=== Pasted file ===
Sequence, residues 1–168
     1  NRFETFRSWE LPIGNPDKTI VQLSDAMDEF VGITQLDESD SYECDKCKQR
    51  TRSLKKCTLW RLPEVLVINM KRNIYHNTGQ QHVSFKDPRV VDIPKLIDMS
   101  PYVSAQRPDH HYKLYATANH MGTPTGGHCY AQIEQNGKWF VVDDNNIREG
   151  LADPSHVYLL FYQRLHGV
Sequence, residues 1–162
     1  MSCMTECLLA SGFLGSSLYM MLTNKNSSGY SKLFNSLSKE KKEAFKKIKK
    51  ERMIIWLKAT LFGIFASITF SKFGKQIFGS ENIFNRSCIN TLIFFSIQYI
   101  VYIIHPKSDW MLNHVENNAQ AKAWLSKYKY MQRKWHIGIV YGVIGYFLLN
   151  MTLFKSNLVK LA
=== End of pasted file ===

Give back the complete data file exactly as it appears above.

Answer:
Sequence, residues 1–168
     1  NRFETFRSWE LPIGNPDKTI VQLSDAMDEF VGITQLDESD SYECDKCKQR
    51  TRSLKKCTLW RLPEVLVINM KRNIYHNTGQ QHVSFKDPRV VDIPKLIDMS
   101  PYVSAQRPDH HYKLYATANH MGTPTGGHCY AQIEQNGKWF VVDDNNIREG
   151  LADPSHVYLL FYQRLHGV
Sequence, residues 1–162
     1  MSCMTECLLA SGFLGSSLYM MLTNKNSSGY SKLFNSLSKE KKEAFKKIKK
    51  ERMIIWLKAT LFGIFASITF SKFGKQIFGS ENIFNRSCIN TLIFFSIQYI
   101  VYIIHPKSDW MLNHVENNAQ AKAWLSKYKY MQRKWHIGIV YGVIGYFLLN
   151  MTLFKSNLVK LA